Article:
Monday, March 7, 2011


Machete is a pretty good companion to The Expendables, another bloody ensemble action film that came out in the late summer of last year. It's a little more low budget and skews a bit differently with its cast, featuring more well-known women than men and a bunch of character actors. They both have their strengths and weaknesses, and I hesitate to declare one or the other the truly superior film, but they're both mostly enjoyable, hilariously violent movies.

The movie stars the instantly-recognizable Danny Trejo as Machete, a Mexican federal who gets betrayed, crosses the border, and gets betrayed again, when he decides to finally fight back against all those who have wronged him. It's a pretty extensive list, including Jeff Fahey as a slimy businessman and Steven Seagal as a slimy ex-federal. Robert De Niro plays a slimy politician with a fake Texan accent, in one of the more obvious jabs in a movie full of easy commentary on the whole immigration issue. I didn't bother trying to really understand what the movie was trying to say, because it was clear from the beginning that the real purpose of Machete was to be a silly Mexploitation film, and the politics are just there so a bunch of Mexican people can make speeches and then fight a bunch of white people. Basically, our economy needs cheap illegal labor to run, and if you try to totally get rid of it, bad things will happen. In real life, people would lose money; in the movie, they might get shot or blown up.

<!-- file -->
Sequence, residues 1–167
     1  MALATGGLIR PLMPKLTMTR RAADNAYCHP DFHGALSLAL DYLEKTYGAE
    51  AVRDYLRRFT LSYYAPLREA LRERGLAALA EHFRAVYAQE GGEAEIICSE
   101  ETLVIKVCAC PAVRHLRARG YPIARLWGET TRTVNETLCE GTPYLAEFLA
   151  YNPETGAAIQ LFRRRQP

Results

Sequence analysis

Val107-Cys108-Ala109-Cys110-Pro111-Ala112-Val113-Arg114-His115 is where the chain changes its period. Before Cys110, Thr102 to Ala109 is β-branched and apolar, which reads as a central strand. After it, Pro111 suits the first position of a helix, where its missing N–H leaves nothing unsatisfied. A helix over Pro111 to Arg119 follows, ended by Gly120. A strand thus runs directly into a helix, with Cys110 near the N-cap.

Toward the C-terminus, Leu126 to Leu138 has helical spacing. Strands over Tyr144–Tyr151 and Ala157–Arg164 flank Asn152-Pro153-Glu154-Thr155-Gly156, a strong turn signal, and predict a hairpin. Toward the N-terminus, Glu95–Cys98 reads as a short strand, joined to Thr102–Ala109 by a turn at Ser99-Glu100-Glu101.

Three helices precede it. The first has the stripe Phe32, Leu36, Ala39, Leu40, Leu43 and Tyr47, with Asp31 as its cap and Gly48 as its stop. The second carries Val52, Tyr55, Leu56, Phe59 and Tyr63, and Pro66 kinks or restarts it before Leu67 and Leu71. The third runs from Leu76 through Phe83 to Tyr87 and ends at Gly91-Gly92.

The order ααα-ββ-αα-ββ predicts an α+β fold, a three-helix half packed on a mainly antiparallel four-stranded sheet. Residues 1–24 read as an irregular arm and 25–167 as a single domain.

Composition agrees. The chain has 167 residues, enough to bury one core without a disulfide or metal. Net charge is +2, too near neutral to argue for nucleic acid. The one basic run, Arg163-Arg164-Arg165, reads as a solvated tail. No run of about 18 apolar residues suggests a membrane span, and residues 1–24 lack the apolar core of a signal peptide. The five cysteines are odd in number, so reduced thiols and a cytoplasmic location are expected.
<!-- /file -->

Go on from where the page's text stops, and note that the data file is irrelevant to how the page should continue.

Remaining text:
But anyway Machete joins an underground criminal network in an attempt to get back at the many villains the film quickly introduces. To sum it up simply, much like Once Upon a Time In Mexico, the plot is kind of an overstuffed mess. There are too many characters who don't have enough to do and the movie doesn't take enough time to make them all worth the effort. Luckily, unlike Mexico, Machete mostly makes up for it by generally acknowledging its own silliness and letting the fun come from a bunch of silly one-liners and especially absurdly gory and occasionally honestly clever action scenes. There's also some pointless nudity and winking celebrity cameos, this movie did come out of the whole Grindhouse project after all. Rodriguez has proven himself pretty consistent at making entertaining low-brow movies on the cheap, and he did the same thing again here. Things kind of peter out once you realize there's no way he's going to resolve everything in a unique and satisfactory way, but if you just let it be a stupid action movie with a lot of mediocre-to-good ideas, it's not bad.

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